Textbook Thursday: How Children Develop Ch. 8: Intelligence and Academic Achievement

A- stayed up late on Thursday, but I was still able to sneak in 40 minutes of reading when she insisted on spending time with W- instead of me. (“Private Daddy time!”)

Chapter 8 of How Children Develop was about intelligence and academic achievement. I’m not particularly worried about either and definitely not at the moment, although I’m interested in providing as good an environment as possible for A- to flourish, and in learning as much as I can myself.

The chapter mentioned Home Observation and Measurement of Environment, for which I found these resources: Home Observation for Measurement of the Environment, Wave 1, 1994-1997 (from Project on Human Development in Chicago Neighborhoods) and HOME-SF Scales (NLSY79 Child). The main things I want to focus on for the 0-2 year part of this scale are to arrange visits to or from relatives/friends at least twice a month, and an outing at least every other week. A- often wants to stay at home, but is occasionally game for a field trip or a visit. The scale asks if the child gets out of the house 4 times a week or more, so that’s something to keep in mind. I was amused to see that having a pet counts for something, too.

The next set of questions cover the range from 3-5 years old, so here are the items I may want to focus on then:

  • Access to a music player and at least five records/tapes/CDs/etc.: I wonder how this translates to technology today. I’m definitely not keen on letting her loose on YouTube. We could dig up a CD player for her and make a few CDs. I could build a simple media interface for her with a selection of music using Tasker on an old Android phone coupled with a Bluetooth device or a speaker, which would require less fussing about with CDs. I could label the music with drawings, too. I haven’t been keen on music-playing devices, but maybe I can ask the music teacher for advice.
  • Some delay of food gratification: we mostly spread out meal/snack times, but it would be good to start delaying snacking when out and about too.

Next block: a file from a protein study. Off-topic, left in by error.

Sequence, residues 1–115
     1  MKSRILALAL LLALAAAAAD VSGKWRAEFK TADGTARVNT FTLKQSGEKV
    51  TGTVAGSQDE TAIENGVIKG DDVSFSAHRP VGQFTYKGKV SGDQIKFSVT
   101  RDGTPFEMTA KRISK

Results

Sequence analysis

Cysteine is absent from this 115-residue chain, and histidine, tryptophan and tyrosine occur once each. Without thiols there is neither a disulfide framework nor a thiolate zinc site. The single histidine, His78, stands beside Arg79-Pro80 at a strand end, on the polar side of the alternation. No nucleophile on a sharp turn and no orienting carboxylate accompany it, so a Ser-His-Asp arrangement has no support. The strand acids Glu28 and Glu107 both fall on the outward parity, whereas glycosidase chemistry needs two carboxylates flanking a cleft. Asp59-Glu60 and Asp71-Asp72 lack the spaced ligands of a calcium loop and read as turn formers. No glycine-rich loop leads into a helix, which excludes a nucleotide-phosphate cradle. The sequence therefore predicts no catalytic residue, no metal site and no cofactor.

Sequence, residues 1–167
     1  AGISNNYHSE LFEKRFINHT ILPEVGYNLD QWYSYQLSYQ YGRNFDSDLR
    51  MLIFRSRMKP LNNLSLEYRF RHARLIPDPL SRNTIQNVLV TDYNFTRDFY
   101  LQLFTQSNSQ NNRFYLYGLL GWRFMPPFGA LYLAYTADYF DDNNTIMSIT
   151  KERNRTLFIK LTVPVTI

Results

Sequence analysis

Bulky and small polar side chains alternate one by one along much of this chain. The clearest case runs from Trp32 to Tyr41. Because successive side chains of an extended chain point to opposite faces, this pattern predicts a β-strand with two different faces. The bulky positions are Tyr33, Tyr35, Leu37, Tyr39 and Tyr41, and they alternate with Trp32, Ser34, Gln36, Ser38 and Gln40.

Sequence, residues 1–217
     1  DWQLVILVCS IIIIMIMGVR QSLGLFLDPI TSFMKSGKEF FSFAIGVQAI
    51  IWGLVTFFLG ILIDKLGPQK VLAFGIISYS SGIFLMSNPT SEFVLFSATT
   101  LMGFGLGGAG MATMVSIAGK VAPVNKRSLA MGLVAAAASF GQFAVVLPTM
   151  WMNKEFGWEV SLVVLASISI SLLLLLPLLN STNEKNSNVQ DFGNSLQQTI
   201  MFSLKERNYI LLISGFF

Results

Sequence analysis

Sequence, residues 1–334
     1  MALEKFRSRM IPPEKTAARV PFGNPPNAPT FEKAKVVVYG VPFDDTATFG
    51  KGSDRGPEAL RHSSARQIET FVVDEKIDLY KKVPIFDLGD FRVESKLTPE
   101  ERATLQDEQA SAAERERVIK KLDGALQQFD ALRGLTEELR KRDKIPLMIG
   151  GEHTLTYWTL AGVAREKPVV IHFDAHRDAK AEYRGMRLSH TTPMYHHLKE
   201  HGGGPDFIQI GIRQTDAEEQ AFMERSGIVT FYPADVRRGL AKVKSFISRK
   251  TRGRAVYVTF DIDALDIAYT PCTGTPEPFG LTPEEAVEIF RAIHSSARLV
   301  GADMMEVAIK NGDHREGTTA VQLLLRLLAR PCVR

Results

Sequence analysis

• Newspaper at home, to model interest in current events? Or is this just a correlation with families who are interested in current events and discuss them, and who have print-rich environments? I wonder what that means for us. W- and I often discuss what we see on Reddit, but she won’t have access to that for a long, long, long time. I wonder if I can find a researcher I can ask about this sort of stuff…
  • Regular participation in community activities: We’ll continue going to the drop-in centres, and it might be nice to find or form a playgroup as well.

This literature review has more information about HOME and the influence of the home environment and home interactions on many outcomes.

The textbook chapter also talked about academic skills: reading, writing, and mathematics. At this stage, learning about letters and phonemic awareness will help A- prepare for reading and writing later on. She’s interested in letters and is starting to visually identify them. I can see if she’s ready to play games with phonics, like picking something that starts with a given sound, and then eventually telling me if two words begin with the same sound. We’re experimenting with keeping this embedded in everyday life instead of turning to apps or flashcards.

Reading is both enjoyable and useful, and the fact that reading skills will help her in school is icing on the cake. She picks up a lot of words and phrases from books, including the little books I’ve been making for her. We’re experimenting with reading to A- as much as she wants, except when we really need to do something else (like sleep). I keep my mind occupied while reading by studying the illustrations and thinking of ways to do dialogic reading, so I’m up for reading to her as much as she wants. Hmm… Maybe I can print out those dialogic reading bookmarks and put up a poster close to her bookshelf downstairs. She used to fill in pauses a lot, but now she often wants me to just read to her instead of prompting her or asking her to point to things. She’ll sometimes add her own remarks if I wait for her signal before turning to the next page. I want to keep reading fun and enjoyable instead of veering into quizzing her, so I just make an effort to relate what we’re reading to recent experiences. I’m sure our reading will keep evolving.

As for pre-writing skills, we often do fine-motor activities like drawing, playing with playdough, and cutting with scissors. I do a lot of drawing and writing in front of her, too, and she usually wants to join in. I’m not worried about getting her to learn actual writing just yet.

I’d like to weave math into playtime and everyday life as well. We count a lot and she knows the sequence, although it hasn’t quite clicked for her yet. There’s more to early math than counting, of course. A- definitely pays attention to magnitude comparisons, and will often talk about taking a bigger or smaller piece of cheese. One-to-one correspondence might be good to practise with activities like distributing forks and plates. Laundry gives us classification practice. Maybe I can make visual aids to go with counting songs. It would be nice to find a more visual timer that can work with Google Assistant’s voice recognition, too. Anyway, there are lots of early math activities to explore.

It’s neat working on our home environment and on my interactions with A- – not because we want to hot-house a prodigy, but because it’s fun thinking about these things and appreciating how kids learn. Whee!